In yet another example of the Internal Revenue Service (IRS) neglecting taxpayer privacy and security, the agency failed to address nearly 2,000 security vulnerabilities in a timely manner. These security vulnerabilities existed in the Child Tax Credit Update Portal and Secure Access Digital Identity (SADI) system, according to a recent report by the Treasury Inspector General for Tax Administration (TIGTA).
The American Rescue Plan of 2021, enacted by President Biden and Congressional Democrats turned the Child tax credit (CTC) into a monthly welfare payment. This required the IRS to establish create the CTC Update Portal, which was deployed in June of 2021 to distribute payments.
Unfortunately, there were several security vulnerabilities identified in this new portal, potentially putting taxpayer dollars and taxpayer data at risk. Worse, the vulnerabilities identified were not remediated in a timely manner, as TIGTA explains:
“The IRS implemented 311 (87 percent) of 356 applicable security controls for the CTC Update Portal and SADI system, but the Privacy, Governmental Liaison, and Disclosure organization does not have a formal documented process to manage the selection, implementation, and assessment of privacy controls…
The IRS failed to timely remediate 1,818 critical (356 unique), six high (all unique), and two medium (all unique) security vulnerabilities that were identified in either the CTC Update Portal or SADI system.”
The report also found that 96 percent of CTC portal and SADI system servers were noncompliant:
“In addition, 199 (96 percent) of 207 CTC Update Portal and SADI system servers were noncompliant due to either failing a high-compliance check or having weighted compliance scores of less than 90 percent. The IRS stated that the root cause of the remediation findings stemmed from older software versions being installed during the server build process.”
In fact, a simple administrative oversight resulted in a 28-hour outage of the system:
“Finally, an administrative oversight related to server monitoring resulted in a CTC Update Portal outage for approximately 28 hours.”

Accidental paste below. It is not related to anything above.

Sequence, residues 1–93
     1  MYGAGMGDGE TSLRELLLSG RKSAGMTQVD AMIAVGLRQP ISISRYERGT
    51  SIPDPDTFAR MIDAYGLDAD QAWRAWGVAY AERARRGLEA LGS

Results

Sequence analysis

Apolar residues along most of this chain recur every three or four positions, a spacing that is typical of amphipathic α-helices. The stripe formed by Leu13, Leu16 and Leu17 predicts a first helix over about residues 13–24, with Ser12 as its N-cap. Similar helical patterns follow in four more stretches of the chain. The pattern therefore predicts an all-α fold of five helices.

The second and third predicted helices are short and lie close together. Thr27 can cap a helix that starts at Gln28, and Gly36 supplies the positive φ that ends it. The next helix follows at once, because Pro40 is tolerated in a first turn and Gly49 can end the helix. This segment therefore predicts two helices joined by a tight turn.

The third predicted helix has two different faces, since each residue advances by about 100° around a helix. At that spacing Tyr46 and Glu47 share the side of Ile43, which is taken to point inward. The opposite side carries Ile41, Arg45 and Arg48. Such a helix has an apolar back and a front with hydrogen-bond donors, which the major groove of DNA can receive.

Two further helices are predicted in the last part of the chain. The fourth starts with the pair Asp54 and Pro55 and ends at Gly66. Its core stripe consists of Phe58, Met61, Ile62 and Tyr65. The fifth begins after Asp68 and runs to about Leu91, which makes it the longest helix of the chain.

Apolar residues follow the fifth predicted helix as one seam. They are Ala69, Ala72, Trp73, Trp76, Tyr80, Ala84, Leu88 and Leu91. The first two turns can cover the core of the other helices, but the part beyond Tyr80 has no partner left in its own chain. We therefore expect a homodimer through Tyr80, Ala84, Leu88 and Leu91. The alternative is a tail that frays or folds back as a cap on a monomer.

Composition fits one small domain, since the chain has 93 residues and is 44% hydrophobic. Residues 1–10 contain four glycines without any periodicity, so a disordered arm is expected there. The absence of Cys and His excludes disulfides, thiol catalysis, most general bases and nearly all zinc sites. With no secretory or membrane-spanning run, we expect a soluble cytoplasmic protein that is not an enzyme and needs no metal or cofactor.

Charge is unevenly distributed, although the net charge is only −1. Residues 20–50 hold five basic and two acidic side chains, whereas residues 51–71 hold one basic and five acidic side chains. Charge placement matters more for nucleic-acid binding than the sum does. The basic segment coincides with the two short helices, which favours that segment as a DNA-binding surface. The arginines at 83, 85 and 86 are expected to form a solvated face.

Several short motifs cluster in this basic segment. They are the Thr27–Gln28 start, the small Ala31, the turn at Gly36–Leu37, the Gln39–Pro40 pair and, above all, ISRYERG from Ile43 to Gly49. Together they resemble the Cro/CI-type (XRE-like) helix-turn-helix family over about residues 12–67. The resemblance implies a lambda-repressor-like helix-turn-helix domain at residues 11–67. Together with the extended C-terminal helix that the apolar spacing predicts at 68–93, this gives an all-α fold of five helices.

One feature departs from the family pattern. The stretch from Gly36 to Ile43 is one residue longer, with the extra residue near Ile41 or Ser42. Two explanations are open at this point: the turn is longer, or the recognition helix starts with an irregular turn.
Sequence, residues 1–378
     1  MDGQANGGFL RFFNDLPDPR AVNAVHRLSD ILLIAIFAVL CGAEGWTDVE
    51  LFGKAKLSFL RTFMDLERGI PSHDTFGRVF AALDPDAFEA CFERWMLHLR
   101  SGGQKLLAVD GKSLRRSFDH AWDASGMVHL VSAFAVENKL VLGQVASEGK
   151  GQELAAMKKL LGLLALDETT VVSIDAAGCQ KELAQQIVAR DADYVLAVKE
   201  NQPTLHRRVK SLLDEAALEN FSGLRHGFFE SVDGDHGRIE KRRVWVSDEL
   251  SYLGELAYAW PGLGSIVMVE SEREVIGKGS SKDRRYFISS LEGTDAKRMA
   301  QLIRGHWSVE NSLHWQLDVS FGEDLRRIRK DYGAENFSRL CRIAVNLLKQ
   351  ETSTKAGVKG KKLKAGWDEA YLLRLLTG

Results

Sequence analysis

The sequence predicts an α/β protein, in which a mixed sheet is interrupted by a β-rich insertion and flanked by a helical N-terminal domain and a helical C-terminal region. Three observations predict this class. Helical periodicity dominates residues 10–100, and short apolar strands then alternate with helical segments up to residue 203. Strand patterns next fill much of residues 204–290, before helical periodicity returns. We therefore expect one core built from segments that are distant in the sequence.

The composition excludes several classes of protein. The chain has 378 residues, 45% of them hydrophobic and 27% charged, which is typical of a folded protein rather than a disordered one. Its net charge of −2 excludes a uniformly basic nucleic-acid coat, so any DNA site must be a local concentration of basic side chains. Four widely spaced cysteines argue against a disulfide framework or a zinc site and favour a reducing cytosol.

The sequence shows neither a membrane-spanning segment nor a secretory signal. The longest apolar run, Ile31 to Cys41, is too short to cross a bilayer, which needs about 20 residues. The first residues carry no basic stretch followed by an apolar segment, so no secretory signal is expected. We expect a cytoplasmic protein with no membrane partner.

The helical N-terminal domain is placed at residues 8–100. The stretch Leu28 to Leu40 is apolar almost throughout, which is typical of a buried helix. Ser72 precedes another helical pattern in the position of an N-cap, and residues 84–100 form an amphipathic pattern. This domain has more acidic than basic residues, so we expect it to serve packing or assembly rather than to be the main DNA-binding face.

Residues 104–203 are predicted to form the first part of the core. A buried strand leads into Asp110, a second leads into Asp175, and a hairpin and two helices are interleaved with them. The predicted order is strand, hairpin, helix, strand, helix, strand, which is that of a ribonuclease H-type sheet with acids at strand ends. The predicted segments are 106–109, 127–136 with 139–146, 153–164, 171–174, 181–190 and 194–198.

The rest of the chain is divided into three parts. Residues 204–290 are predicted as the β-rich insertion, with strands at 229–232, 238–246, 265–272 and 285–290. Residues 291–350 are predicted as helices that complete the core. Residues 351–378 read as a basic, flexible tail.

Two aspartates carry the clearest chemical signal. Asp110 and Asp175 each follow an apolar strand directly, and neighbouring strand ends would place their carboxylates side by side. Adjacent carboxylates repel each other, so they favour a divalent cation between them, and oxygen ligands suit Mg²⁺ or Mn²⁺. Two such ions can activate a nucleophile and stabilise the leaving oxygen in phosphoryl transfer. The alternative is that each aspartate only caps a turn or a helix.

Taxpayers should be alarmed by the IRS’s repeated failure to protect taxpayer data. Over the years, serious security vulnerabilities within the agency have been highlighted by federal watchdog organizations.
These vulnerabilities are especially concerning given the recent unauthorized release of taxpayer information to ProPublica. In June 2021, it was revealed that the private tax files of thousands of Americans – covering a period of 15 years — had been stolen and given to the progressive news organization. The IRS and the Biden administration immediately vowed to investigate and prosecute. To this day, there are still no answers from the government.
In 2018, the Treasury Inspector General for Tax Administration (TIGTA) released a report spelling out security vulnerabilities within the IRS. Specifically, the IRS failed to properly implement a new security system that was put in place after a cyber hack in 2016.
After the 2016 breach, IRS Cybersecurity staff decided to move all taxpayer information into a Cyber Security Data Warehouse (CSDW), a centralized place to store taxpayer Personally Identifiable Information (PII) which includes names, addresses, social security numbers and birthdays. While this new security system was supposed to prevent another breach, it actually created more security vulnerabilities.
In 2016, the IRS lost track of laptops containing sensitive taxpayer data. TIGTA estimates that the IRS had failed to properly document the return of 84.2 percent, or more than 1,000 computers due to be returned by contract employees.
Despite the agency’s repeated failure to safeguard taxpayer information and perform its most basic duties, President Biden wants to increase the IRS’s funding by $80 billion and hire 87,000 new IRS agents, enough to fill Nationals Park twice. Biden also wants to grant the IRS new powers and responsibilities, including having the agency snoop on every personal and business bank account and Venmo account in the country.
Unfortunately, the security vulnerabilities in the CTC portal system are some of many examples of security vulnerabilities in IRS systems. Given the agency has repeatedly failed to safeguard taxpayer information we shouldn’t trust them to gather even more sensitive information.